Medicaid keeps many Ohio public school students healthy

by Becky Higgins, OEA President

They have books, pencils and a backpack.  But will Ohio’s public school students continue to have health care? Maybe or maybe not.  It depends on what Congress and the President decide to do about Medicaid.

About 40 percent of Ohio children receive their health coverage from Medicaid. And in some Ohio school districts, that percentage is even higher. In the Dayton City Schools, 71.7 percent of students are on Medicaid. In Youngstown, 80.5 percent of students are enrolled in Medicaid. In Cleveland, it’s 72.7 percent.

Countless studies have shown that children who have access to regular, consistent health care do better in school. Medicaid is critical to ensuring that Ohio’s public school students have quality health care. Children who receive health care through Medicaid are more likely to graduate from high school, finish college, have fewer hospitalizations and enjoy better health as adults. Children who have Medicaid are less likely to drop out of school, engage in risky sexual activity, smoke, or be overweight. And Medicaid gives struggling families the security of knowing that their household budgets.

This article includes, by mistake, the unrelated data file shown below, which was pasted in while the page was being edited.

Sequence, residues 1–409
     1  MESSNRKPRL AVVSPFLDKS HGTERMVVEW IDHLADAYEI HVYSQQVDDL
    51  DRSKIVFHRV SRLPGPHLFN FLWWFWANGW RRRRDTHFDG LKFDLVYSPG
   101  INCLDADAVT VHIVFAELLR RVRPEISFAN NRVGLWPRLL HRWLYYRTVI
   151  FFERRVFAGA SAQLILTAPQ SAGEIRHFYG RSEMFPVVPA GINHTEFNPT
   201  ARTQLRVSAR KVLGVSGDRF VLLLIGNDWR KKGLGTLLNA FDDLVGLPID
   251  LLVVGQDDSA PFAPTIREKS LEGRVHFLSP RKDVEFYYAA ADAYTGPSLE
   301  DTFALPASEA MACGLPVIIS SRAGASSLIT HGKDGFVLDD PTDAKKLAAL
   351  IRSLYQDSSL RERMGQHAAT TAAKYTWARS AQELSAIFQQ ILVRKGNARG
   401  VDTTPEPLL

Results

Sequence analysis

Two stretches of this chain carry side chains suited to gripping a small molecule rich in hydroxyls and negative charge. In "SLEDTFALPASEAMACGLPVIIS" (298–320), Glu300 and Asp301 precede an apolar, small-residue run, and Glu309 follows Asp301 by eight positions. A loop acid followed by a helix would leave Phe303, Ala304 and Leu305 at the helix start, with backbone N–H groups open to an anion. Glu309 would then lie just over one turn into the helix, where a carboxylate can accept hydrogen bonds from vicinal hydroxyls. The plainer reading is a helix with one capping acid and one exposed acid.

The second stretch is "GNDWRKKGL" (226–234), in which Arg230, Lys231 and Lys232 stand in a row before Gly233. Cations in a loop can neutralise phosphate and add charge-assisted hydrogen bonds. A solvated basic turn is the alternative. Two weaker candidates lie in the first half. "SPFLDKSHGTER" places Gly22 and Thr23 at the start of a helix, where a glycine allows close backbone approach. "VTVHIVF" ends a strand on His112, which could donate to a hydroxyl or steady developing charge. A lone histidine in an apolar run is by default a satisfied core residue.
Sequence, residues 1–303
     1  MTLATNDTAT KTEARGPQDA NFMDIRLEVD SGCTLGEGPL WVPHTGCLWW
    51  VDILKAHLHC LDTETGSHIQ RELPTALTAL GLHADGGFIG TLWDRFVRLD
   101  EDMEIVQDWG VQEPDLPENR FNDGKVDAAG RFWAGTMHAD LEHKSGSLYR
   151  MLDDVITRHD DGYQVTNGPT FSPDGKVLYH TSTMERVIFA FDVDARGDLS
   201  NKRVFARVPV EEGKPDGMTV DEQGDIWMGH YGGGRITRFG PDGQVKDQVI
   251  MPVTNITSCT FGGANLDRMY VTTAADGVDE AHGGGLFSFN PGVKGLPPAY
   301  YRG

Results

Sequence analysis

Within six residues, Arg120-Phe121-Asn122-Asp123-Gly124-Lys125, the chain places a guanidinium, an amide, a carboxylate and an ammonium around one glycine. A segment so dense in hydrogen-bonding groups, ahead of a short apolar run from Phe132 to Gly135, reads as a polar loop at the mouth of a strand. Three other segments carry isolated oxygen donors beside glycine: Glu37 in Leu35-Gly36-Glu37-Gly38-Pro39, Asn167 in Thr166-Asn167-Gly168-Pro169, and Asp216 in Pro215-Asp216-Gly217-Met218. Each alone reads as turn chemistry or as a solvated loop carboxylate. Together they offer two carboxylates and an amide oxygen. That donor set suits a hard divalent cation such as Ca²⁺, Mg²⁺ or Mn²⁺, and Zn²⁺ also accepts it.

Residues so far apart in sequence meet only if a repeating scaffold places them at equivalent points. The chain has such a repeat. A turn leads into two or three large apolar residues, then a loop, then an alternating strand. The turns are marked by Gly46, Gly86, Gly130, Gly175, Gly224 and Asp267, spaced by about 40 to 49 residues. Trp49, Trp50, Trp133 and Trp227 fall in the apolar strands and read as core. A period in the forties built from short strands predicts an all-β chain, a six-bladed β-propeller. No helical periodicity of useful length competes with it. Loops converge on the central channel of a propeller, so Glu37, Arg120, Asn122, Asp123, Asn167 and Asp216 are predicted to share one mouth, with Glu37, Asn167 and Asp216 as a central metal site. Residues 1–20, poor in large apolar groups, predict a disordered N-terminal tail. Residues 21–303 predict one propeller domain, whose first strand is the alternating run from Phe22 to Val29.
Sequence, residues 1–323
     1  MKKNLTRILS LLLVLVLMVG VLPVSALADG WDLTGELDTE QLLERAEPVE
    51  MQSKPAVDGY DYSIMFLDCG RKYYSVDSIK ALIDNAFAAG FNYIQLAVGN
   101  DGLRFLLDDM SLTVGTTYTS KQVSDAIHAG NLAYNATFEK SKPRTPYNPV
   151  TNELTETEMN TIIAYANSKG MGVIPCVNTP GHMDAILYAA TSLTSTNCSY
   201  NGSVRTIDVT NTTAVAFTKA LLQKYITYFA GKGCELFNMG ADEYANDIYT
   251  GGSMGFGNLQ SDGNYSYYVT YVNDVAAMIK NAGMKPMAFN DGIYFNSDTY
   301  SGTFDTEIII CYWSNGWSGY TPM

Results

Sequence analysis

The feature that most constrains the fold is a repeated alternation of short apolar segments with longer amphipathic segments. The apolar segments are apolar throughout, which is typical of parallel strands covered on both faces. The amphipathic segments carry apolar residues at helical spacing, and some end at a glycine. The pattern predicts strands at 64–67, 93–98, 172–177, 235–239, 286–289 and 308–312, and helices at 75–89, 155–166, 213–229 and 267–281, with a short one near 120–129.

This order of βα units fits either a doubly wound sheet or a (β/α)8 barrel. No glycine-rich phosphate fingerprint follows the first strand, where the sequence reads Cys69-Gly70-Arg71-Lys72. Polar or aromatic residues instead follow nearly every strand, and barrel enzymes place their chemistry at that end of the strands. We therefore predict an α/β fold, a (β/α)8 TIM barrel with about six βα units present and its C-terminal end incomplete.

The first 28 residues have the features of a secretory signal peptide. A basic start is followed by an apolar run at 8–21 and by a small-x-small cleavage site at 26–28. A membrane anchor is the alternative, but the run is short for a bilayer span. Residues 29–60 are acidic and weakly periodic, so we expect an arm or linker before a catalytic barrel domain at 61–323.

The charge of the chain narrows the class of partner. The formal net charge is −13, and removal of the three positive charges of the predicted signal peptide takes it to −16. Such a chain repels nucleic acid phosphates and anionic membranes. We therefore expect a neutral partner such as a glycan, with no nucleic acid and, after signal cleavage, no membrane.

No child should be without health coverage and access to needed health care. Medicaid makes that possible in Ohio.

Medicaid is a lifeline that keeps a majority of children healthy in many Ohio counties. Medicaid improves academic performance and attendance. It helps ensure that children receive timely and appropriate care, and can help address behavioral issues including the impact of trauma that poses challenges to the proper learning environment.

In the 1980s and 1990s, researchers studied a group of students to determine the long-term effects of healthcare coverage on education.  They found that a 10 percent increase in Medicaid eligibility for kids up to the age of 17 led to a smaller high school dropout rate, greater enrollment in college and a higher percentage who earned a four-year college degree.

Medicaid coverage not only improves children’s health and educational attainment it also enhances their earnings potential. People covered by Medicaid during childhood are healthier adults, with fewer hospitalizations and emergency room visits and higher incomes as adults, studies shows.

And while many districts struggle with financial challenges, Medicaid contributes more than $80 million to Ohio’s public schools to pay for needed services for students with disabilities. These are services that schools are required to provide and Medicaid offers a reliable funding stream to help pay for them.

The bottom line is that Ohio schools and taxpayers win when children in Ohio have Medicaid. In this time of uncertainty about what Congress and the President might do to change Medicaid, it is important that Ohioans let their representatives in Washington know that Medicaid should be protected.


Health Care